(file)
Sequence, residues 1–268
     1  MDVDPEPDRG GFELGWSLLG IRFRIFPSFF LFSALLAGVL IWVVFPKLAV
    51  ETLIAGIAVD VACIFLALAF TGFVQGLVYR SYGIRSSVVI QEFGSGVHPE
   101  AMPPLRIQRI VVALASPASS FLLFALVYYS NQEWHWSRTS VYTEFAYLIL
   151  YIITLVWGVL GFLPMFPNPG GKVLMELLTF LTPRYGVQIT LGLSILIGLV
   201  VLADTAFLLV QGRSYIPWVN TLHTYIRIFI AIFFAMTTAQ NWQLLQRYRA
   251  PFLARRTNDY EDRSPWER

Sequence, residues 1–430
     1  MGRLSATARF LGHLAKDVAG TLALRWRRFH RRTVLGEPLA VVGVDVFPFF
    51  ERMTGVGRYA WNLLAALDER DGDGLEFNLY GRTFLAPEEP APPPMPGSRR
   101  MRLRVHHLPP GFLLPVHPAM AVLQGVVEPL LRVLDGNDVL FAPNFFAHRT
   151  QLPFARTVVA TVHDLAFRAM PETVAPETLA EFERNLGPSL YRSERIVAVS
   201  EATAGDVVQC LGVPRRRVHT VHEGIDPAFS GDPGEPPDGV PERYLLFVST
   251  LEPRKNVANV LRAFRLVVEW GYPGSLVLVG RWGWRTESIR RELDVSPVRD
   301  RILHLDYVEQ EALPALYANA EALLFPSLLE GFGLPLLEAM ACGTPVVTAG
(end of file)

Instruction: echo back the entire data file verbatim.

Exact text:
Sequence, residues 1–268
     1  MDVDPEPDRG GFELGWSLLG IRFRIFPSFF LFSALLAGVL IWVVFPKLAV
    51  ETLIAGIAVD VACIFLALAF TGFVQGLVYR SYGIRSSVVI QEFGSGVHPE
   101  AMPPLRIQRI VVALASPASS FLLFALVYYS NQEWHWSRTS VYTEFAYLIL
   151  YIITLVWGVL GFLPMFPNPG GKVLMELLTF LTPRYGVQIT LGLSILIGLV
   201  VLADTAFLLV QGRSYIPWVN TLHTYIRIFI AIFFAMTTAQ NWQLLQRYRA
   251  PFLARRTNDY EDRSPWER

Sequence, residues 1–430
     1  MGRLSATARF LGHLAKDVAG TLALRWRRFH RRTVLGEPLA VVGVDVFPFF
    51  ERMTGVGRYA WNLLAALDER DGDGLEFNLY GRTFLAPEEP APPPMPGSRR
   101  MRLRVHHLPP GFLLPVHPAM AVLQGVVEPL LRVLDGNDVL FAPNFFAHRT
   151  QLPFARTVVA TVHDLAFRAM PETVAPETLA EFERNLGPSL YRSERIVAVS
   201  EATAGDVVQC LGVPRRRVHT VHEGIDPAFS GDPGEPPDGV PERYLLFVST
   251  LEPRKNVANV LRAFRLVVEW GYPGSLVLVG RWGWRTESIR RELDVSPVRD
   301  RILHLDYVEQ EALPALYANA EALLFPSLLE GFGLPLLEAM ACGTPVVTAG